- The Indonesian Justice Minister says Corby's is one of many parole reviews completed
- It's unclear when exactly she'll be released from a Bali prison
- Corby was convicted in 2005 of smuggling marijuana into Bali
- She has maintained her innocence; her lawyers argued the drugs were planted
Indonesia said Friday that Schapelle Corby, an Australian woman convicted almost nine years ago of drug smuggling, has been granted parole.
Indonesian Justice Minister Amir Syamsuddin announced the decision at a news conference in Jakarta, the Indonesian capital, saying Corby's parole review was one of more than 1,000 that had been completed.
It was unclear when she will be released from the Bali prison where she has been serving her lengthy sentence.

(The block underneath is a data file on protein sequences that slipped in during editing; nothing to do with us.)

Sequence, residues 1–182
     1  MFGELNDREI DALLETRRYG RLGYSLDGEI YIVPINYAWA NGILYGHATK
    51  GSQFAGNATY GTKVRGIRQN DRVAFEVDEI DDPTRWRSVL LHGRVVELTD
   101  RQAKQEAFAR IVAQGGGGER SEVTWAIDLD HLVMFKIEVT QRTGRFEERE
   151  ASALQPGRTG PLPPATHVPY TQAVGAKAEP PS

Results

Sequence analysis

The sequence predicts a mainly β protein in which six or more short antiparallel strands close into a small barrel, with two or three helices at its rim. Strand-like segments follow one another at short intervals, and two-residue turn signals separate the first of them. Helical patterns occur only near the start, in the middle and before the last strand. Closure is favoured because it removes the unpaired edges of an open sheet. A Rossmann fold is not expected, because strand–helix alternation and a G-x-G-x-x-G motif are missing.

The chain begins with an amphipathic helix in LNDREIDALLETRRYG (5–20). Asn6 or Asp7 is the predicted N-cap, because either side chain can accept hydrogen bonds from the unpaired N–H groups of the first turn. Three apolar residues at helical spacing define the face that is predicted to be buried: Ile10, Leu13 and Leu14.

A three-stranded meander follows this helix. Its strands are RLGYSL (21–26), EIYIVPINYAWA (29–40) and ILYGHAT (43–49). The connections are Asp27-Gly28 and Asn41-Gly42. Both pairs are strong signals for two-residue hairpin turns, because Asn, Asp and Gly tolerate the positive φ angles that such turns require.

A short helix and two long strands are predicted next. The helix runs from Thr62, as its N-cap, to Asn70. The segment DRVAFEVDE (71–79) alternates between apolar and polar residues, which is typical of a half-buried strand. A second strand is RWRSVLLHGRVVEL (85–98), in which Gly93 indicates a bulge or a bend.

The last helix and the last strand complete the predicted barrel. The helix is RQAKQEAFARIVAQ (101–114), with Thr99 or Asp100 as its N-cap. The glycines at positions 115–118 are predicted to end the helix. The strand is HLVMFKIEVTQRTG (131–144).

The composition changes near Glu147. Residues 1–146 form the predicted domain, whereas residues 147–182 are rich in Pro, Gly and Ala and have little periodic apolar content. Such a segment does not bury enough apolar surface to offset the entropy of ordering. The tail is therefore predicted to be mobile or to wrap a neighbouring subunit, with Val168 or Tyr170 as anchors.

Corby, 36, was convicted in May 2005 for smuggling nine pounds (4.1 kilograms) of marijuana in a bag, while arriving at Bali's Denpasar International Airport the previous October.
She has always maintained her innocence. Her lawyers argued the drugs were planted, possibly by airport employees involved in trafficking.
But the court found her guilty and sentenced her to 20 years in prison.
The punishment fueled anger in Australia, where many people said they felt Corby had been set up.
After exhausting the appeals process, Corby applied for clemency. A medical exam diagnosed her as suffering from acute depression with psychotic symptoms.
In 2012, Indonesia reduced her sentence by five years, laying the foundation for her parole application.
Corby appears unlikely to return to Australia anytime soon, though. Australian media have reported that she will have to remain in Bali on parole until 2017.
Some Indonesians have accused the authorities of giving Corby's case special attention. But the justice ministry says she's being treated the same way as other convicts in Indonesia.